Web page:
"I am still thinking about President Obama coming to terms with being commander in chief. The roll-out of his decision on Afghan Strategy Review 2.0 will tell us a great deal about whether he is embracing the role or still struggling with it."
"President Bush was not a perfect communicator in chief when it came to explaining the war on terror. But one thing that I suspect every American, even or perhaps especially those who opposed him, understood: Bush believed that the wars he was leading were worth winning and he was willing to sacrifice the things that were his to sacrifice (things like political and public popularity) so that America could prevail in them. In other words: He embraced his unexpected role as commander in chief and ranked that above his other assignments. We will soon see if President Obama does, too."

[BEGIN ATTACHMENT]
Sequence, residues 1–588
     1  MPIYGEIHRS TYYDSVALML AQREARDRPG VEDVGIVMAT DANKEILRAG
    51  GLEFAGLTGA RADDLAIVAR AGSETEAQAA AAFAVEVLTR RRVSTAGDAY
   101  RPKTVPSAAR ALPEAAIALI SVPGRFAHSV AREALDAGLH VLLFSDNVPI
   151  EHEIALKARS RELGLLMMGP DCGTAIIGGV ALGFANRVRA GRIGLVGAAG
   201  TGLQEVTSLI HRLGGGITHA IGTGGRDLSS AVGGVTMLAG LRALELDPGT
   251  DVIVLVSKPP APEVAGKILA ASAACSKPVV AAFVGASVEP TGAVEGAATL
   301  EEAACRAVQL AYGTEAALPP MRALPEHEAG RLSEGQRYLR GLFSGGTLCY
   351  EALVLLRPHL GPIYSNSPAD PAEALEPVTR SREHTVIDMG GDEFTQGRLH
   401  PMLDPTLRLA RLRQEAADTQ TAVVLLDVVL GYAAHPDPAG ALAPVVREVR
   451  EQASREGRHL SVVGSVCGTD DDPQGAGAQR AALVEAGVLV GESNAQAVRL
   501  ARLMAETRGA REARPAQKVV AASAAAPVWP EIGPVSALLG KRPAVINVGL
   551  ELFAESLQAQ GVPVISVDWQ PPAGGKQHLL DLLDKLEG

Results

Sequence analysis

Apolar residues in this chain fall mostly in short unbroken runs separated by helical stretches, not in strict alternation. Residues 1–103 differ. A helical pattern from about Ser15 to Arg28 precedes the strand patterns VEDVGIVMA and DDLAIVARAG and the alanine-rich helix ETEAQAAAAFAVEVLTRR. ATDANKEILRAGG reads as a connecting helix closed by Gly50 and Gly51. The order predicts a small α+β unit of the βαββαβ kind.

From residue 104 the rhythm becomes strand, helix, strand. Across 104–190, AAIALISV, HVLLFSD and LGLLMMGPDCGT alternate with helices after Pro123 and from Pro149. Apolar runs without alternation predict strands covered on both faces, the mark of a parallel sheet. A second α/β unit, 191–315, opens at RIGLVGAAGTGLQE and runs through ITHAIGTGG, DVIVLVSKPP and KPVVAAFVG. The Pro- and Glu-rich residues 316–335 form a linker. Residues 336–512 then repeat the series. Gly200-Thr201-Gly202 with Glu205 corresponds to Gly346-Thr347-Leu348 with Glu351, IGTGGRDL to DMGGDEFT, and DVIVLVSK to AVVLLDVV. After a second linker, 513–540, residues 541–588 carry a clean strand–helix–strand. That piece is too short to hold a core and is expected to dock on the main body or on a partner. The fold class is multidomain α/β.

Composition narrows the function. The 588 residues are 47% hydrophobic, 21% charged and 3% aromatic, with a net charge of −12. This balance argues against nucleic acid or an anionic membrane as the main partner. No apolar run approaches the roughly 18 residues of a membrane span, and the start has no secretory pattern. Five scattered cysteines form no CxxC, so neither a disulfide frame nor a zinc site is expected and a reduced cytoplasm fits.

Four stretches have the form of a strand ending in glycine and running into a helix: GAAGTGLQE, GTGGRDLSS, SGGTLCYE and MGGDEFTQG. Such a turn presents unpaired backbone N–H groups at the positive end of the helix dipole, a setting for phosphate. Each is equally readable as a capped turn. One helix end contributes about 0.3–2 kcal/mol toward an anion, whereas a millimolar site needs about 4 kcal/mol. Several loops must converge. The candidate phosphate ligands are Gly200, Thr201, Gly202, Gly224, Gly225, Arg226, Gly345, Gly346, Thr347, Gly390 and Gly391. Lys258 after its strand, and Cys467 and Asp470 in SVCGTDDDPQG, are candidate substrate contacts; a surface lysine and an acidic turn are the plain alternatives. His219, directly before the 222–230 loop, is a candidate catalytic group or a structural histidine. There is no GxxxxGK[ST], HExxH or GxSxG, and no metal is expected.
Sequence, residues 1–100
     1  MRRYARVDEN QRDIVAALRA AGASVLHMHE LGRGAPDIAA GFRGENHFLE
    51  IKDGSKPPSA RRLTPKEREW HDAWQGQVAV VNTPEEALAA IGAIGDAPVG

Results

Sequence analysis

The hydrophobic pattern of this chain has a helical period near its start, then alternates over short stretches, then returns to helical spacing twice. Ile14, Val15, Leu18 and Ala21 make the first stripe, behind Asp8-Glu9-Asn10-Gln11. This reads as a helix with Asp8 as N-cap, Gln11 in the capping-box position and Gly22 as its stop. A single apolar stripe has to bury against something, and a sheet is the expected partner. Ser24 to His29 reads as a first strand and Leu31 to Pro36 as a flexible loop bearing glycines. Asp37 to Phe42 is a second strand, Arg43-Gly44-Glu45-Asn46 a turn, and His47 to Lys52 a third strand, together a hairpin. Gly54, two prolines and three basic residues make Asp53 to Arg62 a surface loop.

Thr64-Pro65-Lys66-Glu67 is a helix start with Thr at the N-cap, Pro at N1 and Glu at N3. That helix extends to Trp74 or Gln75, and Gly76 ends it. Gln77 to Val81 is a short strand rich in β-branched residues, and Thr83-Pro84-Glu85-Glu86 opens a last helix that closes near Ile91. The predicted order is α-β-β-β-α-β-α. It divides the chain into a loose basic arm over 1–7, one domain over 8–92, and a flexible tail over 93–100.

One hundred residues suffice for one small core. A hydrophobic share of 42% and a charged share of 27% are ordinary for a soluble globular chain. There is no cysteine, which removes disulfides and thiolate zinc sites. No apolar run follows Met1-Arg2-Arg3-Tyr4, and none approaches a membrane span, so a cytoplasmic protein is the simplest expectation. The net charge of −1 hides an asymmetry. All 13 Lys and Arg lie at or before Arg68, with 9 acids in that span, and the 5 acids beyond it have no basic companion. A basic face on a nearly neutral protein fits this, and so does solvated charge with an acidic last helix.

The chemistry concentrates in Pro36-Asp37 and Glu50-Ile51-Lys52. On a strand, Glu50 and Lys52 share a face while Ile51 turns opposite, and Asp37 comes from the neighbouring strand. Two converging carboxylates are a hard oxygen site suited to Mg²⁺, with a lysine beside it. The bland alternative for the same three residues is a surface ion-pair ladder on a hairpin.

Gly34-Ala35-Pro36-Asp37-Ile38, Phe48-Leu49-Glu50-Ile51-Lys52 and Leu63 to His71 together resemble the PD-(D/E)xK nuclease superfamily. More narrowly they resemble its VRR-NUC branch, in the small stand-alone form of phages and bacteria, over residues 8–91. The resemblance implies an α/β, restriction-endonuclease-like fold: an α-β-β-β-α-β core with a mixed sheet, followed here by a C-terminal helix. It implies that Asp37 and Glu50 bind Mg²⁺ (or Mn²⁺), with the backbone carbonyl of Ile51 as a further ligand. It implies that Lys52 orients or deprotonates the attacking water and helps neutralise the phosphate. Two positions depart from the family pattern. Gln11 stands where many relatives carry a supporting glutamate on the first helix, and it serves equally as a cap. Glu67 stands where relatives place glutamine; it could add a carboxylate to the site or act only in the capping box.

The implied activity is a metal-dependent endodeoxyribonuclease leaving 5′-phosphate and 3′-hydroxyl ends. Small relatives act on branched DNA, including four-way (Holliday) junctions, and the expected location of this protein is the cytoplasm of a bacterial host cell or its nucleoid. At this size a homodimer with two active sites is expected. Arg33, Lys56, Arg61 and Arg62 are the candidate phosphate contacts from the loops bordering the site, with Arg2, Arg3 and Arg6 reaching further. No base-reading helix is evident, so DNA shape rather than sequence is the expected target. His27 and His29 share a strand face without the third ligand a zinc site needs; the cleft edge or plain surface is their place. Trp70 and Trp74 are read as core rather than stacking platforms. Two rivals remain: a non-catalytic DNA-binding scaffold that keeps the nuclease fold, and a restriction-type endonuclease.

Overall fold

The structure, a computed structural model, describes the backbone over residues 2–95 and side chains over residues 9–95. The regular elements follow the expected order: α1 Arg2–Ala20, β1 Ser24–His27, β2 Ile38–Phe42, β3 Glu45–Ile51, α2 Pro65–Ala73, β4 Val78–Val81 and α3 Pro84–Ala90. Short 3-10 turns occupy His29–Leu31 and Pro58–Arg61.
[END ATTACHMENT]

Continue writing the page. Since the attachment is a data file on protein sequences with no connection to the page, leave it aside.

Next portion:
"The cost of indecision is growing every day. Americans, our allies who have contributed their own troops to the struggle against al-Qaeda and the Taliban, and the Afghans and their government are waiting impatiently, while the challenge is getting worse. While Obama deliberates, his party in Congress shows increasing reluctance to make an all-out commitment to the war effort. The chairmen of two key Senate committees, Foreign Relations and Armed Services, are arguing for retraining Afghan troops -- if they can even be found -- and turning over more of the burden of fighting to them. Meantime, events in Afghanistan support McChrystal's prediction that delay in expanding the U.S. troop commitment will almost certainly lead to gains for the Taliban and greater risk for U.S. and allied troops."